Saturday, March 09, 2013

A Tale of Loss, A Tale of Love

The crowded vessel lurched atop the Black Sea, a Red Cross flag flying high above the mast to disguise the Jewish refugees it carried within as Isadora Rosen climbed on to the deck of the 130-foot cargo boat to escape the groping hands of strangers. The skinny 20-year-old girl from Romania, one of 600 orphans aboard the ship, could not have known what the future would hold for her.

She could not have known that on that cold December night aboard the ship she would meet a Czechoslovakian man named Joshua Benanav, himself an escapee of a Jewish slave camp, and that despite their language barrier she would marry three days later.

She could not have known a decade later they would emigrate to America, that her husband would become a real estate developer and she a top saleswoman at Lord & Taylor in Scarsdale, N.Y., that together they would raise a family. And she couldn’t have imagined that nearly 70 years after her journey of escape from the Nazis across the Black Sea that her grandson would visit a university in Saratoga Springs to share her story of survival. 
“It's unbelievable,” says her grandson, Michael Benanav, a New York Times travel journalist and photographer, who penned the couple’s story in his book, “Joshua and Isadora: A True Tale of Loss and Love in the Holocaust.”

“I've been re-reading the book to get ready for this (at Skidmore College) and it’s still an unbelievable story how they survived and met each other,” he says. Benanav returned to Eastern Europe to visit the places where his paternal grandparents suffered during World War II and escaped the Nazis. Musician Howard Fishman, Benanav’s Connecticut childhood friend and former little league teammate, accompanied the travel journalist on the month-long trek and recorded a 13-song album, “No Further Instructions,” based on the journey.
Fishman’s haunting and hypnotic musical odyssey recalls “the strange and beautiful adventures we had there,” the musician says, about the sonic document which teeters between the Romanian revelry of the wonderfully unknown to the avant-minimalism of “Baia Mare,” in an explosive orgy of melancholic strings.

 The Brooklyn-based songwriter with 10 albums to his credit says what he saw during the journey was a people who despite lacking material possessions were rich in soul, warm, complete, and who didn’t seem to be lacking anything at all.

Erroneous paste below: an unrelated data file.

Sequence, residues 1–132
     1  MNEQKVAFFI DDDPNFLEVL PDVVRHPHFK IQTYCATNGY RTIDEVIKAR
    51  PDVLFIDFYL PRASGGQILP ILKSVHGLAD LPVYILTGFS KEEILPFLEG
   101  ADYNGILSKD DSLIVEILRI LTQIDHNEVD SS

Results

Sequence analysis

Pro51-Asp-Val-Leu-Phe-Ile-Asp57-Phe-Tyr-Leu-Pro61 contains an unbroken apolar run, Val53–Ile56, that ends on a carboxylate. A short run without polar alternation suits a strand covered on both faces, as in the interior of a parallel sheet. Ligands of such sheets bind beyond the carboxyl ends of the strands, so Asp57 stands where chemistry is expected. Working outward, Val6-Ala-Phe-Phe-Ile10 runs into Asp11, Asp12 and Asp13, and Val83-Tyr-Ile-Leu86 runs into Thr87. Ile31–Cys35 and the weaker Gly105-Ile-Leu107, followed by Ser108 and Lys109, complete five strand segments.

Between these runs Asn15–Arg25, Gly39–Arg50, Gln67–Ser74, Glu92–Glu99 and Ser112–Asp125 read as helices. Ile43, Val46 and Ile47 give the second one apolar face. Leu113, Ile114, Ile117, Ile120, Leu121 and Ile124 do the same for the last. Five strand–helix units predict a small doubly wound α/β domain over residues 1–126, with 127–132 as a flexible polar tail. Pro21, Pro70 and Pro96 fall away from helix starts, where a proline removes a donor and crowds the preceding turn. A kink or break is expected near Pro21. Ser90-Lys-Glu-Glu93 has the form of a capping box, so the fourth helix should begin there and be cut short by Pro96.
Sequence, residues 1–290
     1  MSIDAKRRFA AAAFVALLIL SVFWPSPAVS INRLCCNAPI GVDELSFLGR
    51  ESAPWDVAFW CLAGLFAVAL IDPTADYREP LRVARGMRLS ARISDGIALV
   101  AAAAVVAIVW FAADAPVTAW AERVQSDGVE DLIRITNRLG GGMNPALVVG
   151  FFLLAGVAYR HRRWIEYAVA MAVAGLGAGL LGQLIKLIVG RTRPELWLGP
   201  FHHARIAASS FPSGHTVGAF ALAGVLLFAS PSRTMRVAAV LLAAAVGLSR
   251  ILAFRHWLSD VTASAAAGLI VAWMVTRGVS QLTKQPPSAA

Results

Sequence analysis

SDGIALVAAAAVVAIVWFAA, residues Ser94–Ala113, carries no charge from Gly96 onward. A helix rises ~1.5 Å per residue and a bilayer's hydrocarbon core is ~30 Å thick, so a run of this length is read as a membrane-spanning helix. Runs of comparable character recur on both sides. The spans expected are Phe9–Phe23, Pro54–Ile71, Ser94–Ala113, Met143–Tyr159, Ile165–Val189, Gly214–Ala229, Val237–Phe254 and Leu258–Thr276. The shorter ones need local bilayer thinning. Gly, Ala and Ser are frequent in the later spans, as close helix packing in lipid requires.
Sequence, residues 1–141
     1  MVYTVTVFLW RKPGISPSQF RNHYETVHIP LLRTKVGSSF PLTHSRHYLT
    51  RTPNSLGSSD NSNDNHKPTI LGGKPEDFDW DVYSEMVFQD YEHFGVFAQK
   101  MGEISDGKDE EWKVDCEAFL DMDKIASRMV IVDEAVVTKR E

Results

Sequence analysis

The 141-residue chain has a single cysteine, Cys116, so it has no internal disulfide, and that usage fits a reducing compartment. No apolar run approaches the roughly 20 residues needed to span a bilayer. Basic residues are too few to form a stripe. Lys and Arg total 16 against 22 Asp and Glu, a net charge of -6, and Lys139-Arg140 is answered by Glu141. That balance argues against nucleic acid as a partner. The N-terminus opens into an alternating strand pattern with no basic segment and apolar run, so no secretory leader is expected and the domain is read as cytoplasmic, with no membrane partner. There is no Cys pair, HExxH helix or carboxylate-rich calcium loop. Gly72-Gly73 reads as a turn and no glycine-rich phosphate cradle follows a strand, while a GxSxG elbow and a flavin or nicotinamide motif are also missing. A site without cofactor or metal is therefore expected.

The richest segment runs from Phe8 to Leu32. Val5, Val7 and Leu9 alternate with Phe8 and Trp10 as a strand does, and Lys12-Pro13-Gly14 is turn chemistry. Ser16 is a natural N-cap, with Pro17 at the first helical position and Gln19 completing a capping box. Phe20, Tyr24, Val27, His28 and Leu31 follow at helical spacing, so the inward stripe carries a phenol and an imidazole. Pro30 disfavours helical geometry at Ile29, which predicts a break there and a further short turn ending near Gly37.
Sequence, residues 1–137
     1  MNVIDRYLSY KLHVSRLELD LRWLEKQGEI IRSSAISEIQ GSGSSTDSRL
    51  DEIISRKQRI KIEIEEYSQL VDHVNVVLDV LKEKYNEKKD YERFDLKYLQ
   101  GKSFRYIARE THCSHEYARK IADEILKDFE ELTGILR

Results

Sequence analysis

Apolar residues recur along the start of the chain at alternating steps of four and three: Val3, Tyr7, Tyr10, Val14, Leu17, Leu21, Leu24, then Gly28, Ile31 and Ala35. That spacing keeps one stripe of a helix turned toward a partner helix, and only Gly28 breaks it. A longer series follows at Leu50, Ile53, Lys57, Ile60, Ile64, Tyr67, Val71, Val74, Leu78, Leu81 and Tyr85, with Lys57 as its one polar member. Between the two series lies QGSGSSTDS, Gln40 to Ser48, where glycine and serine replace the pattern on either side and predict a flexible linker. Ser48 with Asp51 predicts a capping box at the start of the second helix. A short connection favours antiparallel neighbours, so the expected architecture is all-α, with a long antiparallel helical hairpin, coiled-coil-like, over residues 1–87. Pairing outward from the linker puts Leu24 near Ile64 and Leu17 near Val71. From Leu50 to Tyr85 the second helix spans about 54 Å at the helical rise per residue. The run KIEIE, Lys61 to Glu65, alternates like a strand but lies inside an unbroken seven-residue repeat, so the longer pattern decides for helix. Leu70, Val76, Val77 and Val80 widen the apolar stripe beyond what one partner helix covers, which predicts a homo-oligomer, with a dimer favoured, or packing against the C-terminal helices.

Benanav as an author and freelance photographer has immersed himself in foreign cultures and brought compelling images and stories back from distant lands. His work has appeared in The New York Times, and on CNN.com, among other places.

He caught the travel writing bug at an early age. “A lot of it started when I was a kid. My dad would read these classics - “Around The World in Eighty Days,” “20,000 Leagues Under The Sea,” “Lawrence of Arabia,” – in those stories it was easy to place myself in the title role. I thought if some people can do this stuff, then why can’t I? And, in a practical sense being a wilderness instructor, I love wilderness and walking place to place, so it’s a natural fit to be pursuing those subjects.”

His work began primarily as a writer and increasingly gravitated toward photography out of necessity since his travels to remote locations meant a photographer wasn’t usually available.

We are different, but there are things which unite us, Benanav says. “Basically there are vast cultural differences and vast differences in world views, but in most places people have a sense of humor.”
The humor is evident on the faces of the people in his captured images whether it comes from simple joy, or as an act of defiance in difficult circumstances that says: we are alive. It is captured on the faces of the people along the camel caravans in Timbuktu to the nomadic water buffalo herders of the Van Gujjar tribe; from the Himalayas to Kenya and Egypt to Romania.

“If you can connect to people on that level, laughing together, a kind of connection is made.”

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